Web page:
Reviewed: The Eaters of Light

History is full of unknowns. We can never fully understand people’s motivations and experiences. We can never fully appreciate what drove people in the past, why they behaved in certain ways. This is even more true the further we go back, before the debut of the written record. We’ll never know what Neolithic man thought or what the day to day life in a iron age village was really like. Sure, archaeology has provided us with some information that we can extrapolate from, but these ideas remain at best educated guesses. Fiction can help. Through fiction, we can bring ancient times to life. Explore the feelings and motivations of these people and maybe through this exploration understand a little bit more about ourselves.

Historical drama, albeit with a fantasy twist, has been a staple of Doctor Who since it began in 1963. Indeed, the historical was an important part of those early years – fulfilling the Rethian ideal that the BBC should educate and inform as well as entertain. As the fantasy elements in the show started to dominate, the so-called pseudo-historical was born.

It’s interesting to wonder where The Eaters of Light, episode 10 of the 2017 series of Doctor Who (written by Rona Munro, the first Classic series writer to work on the current 2005- present show), fits. To all intents and purposes this is a straightforward period piece. Doctor Who, together with his companions Bill and Nardole, land in 2nd Century Caledonia, to find out what really happened to the Ninth Roman Legion that mysteriously disappeared. The episode immerses itself in the time period. We meet survivors of a tribe of Picts, teenagers struggling to come to terms with the loss of their family – and yet determined to continue their tribal customs and avenge their loss; on edge, fearful, and fragile from the recent invasion. As they put it, “[the Romans] work is robbery, slaughter, plunder. They do this work and they call it empire.” Indoor toilets, the promises of modernity is a moot point to those that have lost their whole way of life. But they are determined to carry on. The cairns they built in the area, the piles of stones that they believe are gateways between worlds, will continue to be guarded, choosing one of their tribe, Kar (Rebecca Benson), to be the gatekeeper.

And what of the invaders? The Roman legion that burnt and pillaged their way through the ancient village. Well, most of them have been lost too. All that is left are a few young soldiers. The rest killed – maybe in the battle or maybe by something else. And it is here that the episode starts to probe history in a way that only the fictional world of Doctor Who can. Historians do not know what happened to the Ninth Legion. Maybe they were wiped out in the battle, or maybe there is a connection to the piles of stones in the area. In fiction, we can ask the questions that historians dare not. What if the beliefs of the Pict tribe are true? What if the cairns are gateways to other worlds, other dimensions and what if whatever was on the other side got out?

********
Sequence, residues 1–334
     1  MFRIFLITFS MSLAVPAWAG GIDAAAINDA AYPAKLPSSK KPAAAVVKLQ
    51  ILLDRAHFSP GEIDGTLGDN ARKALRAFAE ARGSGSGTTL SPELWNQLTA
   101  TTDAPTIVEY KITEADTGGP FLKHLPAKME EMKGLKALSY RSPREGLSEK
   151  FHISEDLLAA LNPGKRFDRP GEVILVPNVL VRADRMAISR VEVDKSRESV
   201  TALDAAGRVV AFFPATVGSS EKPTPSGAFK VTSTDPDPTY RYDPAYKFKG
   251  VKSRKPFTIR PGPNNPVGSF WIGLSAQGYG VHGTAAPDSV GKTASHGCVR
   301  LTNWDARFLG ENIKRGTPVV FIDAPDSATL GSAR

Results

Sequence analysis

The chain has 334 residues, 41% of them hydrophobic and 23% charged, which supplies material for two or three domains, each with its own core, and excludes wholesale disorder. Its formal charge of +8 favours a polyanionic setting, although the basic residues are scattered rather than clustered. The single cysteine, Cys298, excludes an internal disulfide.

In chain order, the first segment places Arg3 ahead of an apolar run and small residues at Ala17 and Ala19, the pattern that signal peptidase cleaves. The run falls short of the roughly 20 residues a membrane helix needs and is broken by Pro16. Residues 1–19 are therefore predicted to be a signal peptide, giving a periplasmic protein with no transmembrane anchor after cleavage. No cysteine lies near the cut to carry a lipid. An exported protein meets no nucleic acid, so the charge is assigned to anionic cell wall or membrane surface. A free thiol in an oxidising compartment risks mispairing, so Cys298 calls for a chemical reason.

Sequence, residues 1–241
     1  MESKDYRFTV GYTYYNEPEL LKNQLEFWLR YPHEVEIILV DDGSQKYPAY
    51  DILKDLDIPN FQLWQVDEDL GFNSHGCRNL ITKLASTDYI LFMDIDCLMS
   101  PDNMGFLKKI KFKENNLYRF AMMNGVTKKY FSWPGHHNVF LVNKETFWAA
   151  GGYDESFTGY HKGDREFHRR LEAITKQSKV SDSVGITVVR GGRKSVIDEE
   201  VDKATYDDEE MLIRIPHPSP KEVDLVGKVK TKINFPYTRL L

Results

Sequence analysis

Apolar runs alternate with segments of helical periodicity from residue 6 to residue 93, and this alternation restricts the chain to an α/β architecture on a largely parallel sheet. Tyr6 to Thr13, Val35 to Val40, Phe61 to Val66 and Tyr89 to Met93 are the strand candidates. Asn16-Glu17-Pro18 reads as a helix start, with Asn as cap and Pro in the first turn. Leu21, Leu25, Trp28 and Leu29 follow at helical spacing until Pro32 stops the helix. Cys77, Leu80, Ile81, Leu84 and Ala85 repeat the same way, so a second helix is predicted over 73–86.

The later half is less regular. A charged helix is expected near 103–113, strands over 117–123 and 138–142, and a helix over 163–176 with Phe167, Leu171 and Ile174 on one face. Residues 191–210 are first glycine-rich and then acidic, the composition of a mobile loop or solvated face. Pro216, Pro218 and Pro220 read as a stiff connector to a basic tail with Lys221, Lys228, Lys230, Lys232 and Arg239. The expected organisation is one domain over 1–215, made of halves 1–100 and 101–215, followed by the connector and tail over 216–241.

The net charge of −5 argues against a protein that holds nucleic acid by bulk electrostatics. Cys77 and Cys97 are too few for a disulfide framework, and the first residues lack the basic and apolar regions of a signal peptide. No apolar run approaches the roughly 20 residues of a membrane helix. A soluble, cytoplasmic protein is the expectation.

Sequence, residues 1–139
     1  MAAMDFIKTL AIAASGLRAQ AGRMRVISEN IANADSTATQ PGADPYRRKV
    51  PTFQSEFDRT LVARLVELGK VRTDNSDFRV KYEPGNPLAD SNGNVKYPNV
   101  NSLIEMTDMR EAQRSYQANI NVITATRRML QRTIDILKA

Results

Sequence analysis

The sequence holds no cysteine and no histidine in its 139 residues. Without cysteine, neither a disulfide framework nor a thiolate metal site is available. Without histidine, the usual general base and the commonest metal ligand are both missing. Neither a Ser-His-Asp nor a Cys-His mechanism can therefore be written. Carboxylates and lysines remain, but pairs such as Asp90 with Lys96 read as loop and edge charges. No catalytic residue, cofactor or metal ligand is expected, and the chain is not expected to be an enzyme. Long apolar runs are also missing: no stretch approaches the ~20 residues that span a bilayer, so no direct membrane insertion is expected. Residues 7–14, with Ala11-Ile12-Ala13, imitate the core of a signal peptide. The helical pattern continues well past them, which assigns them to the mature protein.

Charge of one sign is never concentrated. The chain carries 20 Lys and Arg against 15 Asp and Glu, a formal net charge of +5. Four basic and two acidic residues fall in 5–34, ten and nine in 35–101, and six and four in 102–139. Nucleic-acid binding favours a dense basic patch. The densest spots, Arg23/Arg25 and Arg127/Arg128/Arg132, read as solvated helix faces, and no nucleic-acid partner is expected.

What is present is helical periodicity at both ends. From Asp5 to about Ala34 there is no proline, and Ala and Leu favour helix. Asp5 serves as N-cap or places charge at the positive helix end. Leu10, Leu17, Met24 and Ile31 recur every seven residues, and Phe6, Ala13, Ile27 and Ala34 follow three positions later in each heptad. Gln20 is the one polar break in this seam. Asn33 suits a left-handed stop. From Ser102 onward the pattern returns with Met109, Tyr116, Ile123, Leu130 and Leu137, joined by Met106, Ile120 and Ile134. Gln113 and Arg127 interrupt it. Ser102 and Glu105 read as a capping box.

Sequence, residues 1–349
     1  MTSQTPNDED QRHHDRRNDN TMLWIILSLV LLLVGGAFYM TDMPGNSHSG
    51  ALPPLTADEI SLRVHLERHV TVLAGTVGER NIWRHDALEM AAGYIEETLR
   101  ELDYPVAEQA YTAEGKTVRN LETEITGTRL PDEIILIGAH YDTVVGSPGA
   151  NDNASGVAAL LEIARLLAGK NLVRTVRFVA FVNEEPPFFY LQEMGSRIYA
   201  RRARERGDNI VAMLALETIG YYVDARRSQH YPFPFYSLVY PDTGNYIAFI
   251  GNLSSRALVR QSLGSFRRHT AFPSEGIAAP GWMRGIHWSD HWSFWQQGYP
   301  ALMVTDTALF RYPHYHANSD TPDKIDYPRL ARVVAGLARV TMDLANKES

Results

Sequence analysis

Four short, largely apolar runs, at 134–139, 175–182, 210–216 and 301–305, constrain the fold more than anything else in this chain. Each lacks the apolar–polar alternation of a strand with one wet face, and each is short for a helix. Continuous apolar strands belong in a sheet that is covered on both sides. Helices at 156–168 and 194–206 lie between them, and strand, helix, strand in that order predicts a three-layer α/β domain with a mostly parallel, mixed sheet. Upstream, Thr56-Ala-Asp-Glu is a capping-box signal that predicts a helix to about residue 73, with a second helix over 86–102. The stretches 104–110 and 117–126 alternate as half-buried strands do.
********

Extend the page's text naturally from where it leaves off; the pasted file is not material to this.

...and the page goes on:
By looking at this historical event through the lens of Doctor Who, so much about humanity is revealed. Kar’s plan was to save her people from the invaders by releasing the Eater of Light, which is to all intents and purposes what we would now term a weapon of mass destruction. She doesn’t realise what she has unleashed until it is too late and finds herself forced to deal with the consequences for the rest of her life. And it takes the fantasy element of the TARDIS translation circuits to bring the two sides together. For them to realise that they actually have a common threat to deal with. One can only wonder how many wars would have been prevented historically had the two sides been able to understand one another.

And so they work together, two enemies, to stop the light in the world being eaten. Enemies coming together, understanding one another, enlightened, banishing the darkness that threatens.

Can this episode be looked at as a historical in the tradition of The Aztecs or Marco Polo or is it more in the vein of The Visitation or The Time Warrior? Well, maybe it’s neither. Modern science points to the existence of dimensions beyond our own and who knows what may live there. We may one day discover locusts that feed on light lurking in the depths of the Large Hadron Collider. Then the only fantastical element is the Doctor and his magic blue box. Just as stories set in the present day can be thought of as contemporary science fiction, perhaps this story is historical science fiction.

  • reTARDISed

    Not sure I buy the argument that archaeology is a set of “educated guesses”, while fiction can help to explain the past. That could be because I’m an archaeologist, but we should also remember that “written records” only record what people wanted to preserve. They can also mislead, and reflect agendas. You’d be surprised how much information about daily life archaeologists can retrieve from the material record, as well as from experimental testing of possibilities. What is clear from study of the past, whether from material remains or texts, is that past people were not simply us in funny clothes. To some extent, “Eaters of Light” tried to present such a “different” view of the past, but it also reflected current social emphases. (I was slightly puzzled by references to Scotland: they were Picts!)

  • Peter Rabytt

    I found this episode ok, but a bit dull. I don’t think the director did a very good job, it was pedestrian and did not bring the material to life.
    On a separate note, was it just me or did the Doctor revert to his rude and dismissive persona, as in Capaldi’s first season? I thought he lacked warmth and likeability in this episode. Capaldi was still good of course, but he played the part a bit differently?

  • Robin Bland

    Did all that mean you liked it?